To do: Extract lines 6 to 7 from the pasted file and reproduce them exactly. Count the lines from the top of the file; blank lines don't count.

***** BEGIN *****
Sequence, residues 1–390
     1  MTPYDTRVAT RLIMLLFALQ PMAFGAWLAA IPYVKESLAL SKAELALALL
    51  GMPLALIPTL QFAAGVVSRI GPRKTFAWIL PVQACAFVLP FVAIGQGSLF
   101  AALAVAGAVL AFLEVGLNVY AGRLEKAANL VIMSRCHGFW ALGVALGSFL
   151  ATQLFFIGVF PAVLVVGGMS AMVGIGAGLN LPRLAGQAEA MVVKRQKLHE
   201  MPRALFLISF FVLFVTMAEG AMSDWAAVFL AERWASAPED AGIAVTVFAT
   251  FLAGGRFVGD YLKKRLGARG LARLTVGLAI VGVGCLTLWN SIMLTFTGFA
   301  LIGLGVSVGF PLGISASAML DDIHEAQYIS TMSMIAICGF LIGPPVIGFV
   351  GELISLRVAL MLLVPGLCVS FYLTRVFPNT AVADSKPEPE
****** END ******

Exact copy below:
   201  MPRALFLISF FVLFVTMAEG AMSDWAAVFL AERWASAPED AGIAVTVFAT
   251  FLAGGRFVGD YLKKRLGARG LARLTVGLAI VGVGCLTLWN SIMLTFTGFA